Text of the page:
Quantum Pranx

ECONOMICS AND ESOTERICA FOR A NEW PARADIGM

Archive for March 5th, 2009

Marijuana versus nicotine? Are you Sirius?

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By Jason King

SO JUST WHAT IS the difference between marijuana and tobacco? Unsurprisingly, but with an unexpected twist, the difference lies in the opposing actions of THC in marijuana versus nicotine in tobacco. To put it simply, nicotine has several effects that promote various cancers, but THC acts in ways that counter the cancer-causing chemicals in marijuana smoke. To put it another way, THC actually reduces the carcinogenic potential of the smoke.

As an example, recent lab research indicates that nicotine, the active and highly addictive ingredient in tobacco, activates an enzyme that converts certain chemicals in tobacco smoke into a cancer-promoting form. THC on the other hand, inhibits the enzyme necessary to activate the carcinogens found in ganga smoke.

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Written by aurick

05/03/2009 at 10:49 pm

How the economy was lost

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By Paul Craig Roberts   February 24, 2009

THE AMERICAN ECONOMY has gone away. It is not coming back until free trade myths are buried six feet under. America’s 20th century economic success was based on two things. Free trade was not one of them. America’s economic success was based on protectionism, which was ensured by the union victory in the Civil War, and on British indebtedness, which destroyed the British pound as world reserve currency. Following World War II, the US dollar took the role as reserve currency, a privilege that allows the US to pay its international bills in its own currency.

World War II and socialism together ensured that the US economy dominated the world at the mid 20th century. The economies of the rest of the world had been destroyed by war or were stifled by socialism [in terms of the priorities of the capitalist growth model. Editors.]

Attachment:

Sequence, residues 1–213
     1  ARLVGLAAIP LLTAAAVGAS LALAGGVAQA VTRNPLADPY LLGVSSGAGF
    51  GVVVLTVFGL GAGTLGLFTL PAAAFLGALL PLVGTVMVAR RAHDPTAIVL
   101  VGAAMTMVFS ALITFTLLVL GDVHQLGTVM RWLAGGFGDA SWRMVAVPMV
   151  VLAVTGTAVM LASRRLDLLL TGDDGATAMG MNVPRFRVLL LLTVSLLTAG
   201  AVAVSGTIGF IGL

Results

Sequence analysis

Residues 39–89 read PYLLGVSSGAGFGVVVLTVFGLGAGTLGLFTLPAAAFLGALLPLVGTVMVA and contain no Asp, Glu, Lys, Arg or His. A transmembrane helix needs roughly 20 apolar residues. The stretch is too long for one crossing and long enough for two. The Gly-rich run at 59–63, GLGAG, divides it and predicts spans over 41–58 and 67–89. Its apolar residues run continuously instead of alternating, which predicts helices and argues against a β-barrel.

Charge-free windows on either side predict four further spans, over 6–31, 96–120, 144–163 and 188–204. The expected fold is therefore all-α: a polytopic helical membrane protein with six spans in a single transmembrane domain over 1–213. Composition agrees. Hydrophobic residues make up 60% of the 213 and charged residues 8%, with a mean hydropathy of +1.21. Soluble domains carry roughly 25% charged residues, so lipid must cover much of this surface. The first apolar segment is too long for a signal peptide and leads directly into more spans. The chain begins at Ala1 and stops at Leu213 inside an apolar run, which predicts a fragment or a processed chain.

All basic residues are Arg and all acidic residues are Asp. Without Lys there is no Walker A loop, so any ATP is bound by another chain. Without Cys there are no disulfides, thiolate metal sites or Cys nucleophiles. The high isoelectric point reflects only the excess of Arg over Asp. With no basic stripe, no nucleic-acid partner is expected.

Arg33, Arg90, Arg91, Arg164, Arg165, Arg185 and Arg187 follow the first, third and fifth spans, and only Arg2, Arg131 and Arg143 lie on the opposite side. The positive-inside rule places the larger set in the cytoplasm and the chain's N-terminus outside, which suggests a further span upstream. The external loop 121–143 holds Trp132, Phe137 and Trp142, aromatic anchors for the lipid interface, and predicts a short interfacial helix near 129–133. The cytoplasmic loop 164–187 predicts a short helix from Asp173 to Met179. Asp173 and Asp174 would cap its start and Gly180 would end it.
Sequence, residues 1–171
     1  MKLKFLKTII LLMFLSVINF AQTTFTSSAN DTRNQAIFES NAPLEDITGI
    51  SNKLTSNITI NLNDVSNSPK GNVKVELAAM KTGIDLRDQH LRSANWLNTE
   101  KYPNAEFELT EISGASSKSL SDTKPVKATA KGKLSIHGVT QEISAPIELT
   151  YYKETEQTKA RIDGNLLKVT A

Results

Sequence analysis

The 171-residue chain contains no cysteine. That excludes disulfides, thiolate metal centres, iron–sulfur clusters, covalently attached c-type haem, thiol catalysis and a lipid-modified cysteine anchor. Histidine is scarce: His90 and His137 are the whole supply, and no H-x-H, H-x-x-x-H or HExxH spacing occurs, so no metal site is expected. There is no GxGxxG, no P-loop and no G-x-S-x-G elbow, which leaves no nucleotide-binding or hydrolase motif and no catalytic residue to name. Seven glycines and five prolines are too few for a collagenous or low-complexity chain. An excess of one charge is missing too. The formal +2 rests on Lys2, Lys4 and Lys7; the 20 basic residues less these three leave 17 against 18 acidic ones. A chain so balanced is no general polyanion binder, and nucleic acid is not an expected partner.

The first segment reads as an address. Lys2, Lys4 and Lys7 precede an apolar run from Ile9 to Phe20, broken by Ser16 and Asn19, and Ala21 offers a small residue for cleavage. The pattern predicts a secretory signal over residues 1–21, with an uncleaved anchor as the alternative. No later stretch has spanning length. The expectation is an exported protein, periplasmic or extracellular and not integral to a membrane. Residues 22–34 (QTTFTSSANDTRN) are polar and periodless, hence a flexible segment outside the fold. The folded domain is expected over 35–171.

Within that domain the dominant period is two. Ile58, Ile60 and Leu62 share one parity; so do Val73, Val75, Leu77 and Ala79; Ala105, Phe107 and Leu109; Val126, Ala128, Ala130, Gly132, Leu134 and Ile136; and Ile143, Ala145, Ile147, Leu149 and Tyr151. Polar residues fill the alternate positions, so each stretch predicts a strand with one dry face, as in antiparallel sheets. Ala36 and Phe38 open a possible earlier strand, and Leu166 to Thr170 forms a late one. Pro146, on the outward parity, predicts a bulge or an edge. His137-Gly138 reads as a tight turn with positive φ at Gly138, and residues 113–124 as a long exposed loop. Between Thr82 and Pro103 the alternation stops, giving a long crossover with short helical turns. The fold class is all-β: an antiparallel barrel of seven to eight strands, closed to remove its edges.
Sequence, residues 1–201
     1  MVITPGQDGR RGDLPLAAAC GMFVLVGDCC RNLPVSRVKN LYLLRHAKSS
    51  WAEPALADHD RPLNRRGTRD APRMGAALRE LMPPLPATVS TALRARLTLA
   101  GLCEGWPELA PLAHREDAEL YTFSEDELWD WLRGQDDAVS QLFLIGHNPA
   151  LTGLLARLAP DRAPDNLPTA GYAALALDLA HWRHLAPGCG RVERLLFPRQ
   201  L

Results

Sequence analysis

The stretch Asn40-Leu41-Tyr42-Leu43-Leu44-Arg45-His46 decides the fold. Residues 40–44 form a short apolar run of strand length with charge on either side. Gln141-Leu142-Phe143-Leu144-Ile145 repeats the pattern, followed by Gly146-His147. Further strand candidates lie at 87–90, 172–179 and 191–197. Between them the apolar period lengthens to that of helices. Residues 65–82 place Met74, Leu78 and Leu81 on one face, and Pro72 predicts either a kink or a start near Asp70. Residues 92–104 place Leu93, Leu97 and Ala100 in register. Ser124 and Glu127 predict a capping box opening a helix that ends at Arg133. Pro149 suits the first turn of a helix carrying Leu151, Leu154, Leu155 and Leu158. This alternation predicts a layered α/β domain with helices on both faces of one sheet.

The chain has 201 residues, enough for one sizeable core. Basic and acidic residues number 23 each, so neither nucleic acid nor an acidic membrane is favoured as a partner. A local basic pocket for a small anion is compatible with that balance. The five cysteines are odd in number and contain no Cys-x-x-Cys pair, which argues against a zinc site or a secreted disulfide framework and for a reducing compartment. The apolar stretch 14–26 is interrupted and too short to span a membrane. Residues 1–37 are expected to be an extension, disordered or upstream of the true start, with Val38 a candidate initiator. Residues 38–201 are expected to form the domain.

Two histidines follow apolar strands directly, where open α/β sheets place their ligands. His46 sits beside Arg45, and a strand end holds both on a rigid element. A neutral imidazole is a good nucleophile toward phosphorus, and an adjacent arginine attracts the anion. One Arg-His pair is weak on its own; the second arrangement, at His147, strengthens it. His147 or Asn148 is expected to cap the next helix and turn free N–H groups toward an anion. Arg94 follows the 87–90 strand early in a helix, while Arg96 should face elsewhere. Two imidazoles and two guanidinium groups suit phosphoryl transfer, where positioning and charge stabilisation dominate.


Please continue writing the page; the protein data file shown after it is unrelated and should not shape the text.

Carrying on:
The ascendant position of the US economy caused the US government to be relaxed about giving away American industries, such as textiles, as bribes to other countries for cooperating with America’s cold war and foreign policies. For example, Turkey’s US textile quotas were increased in exchange for over-flight rights in the Gulf War, making lost US textile jobs an off-budget war expense.

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Written by aurick

05/03/2009 at 9:51 pm

Peak Oil: What’s next

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by James Howard Kunstler
5 March 2009 

THE PEAK OIL STORY was never about running out of oil. It was about the collapse of complex systems in a world economy faced by the prospect of no further oil-fueled growth. It was something of a shock to many that the first complex system to fail would be banking, but the process is obvious: no more growth means no more ability to pay interest on credit… end of story, as Tony Soprano used to say.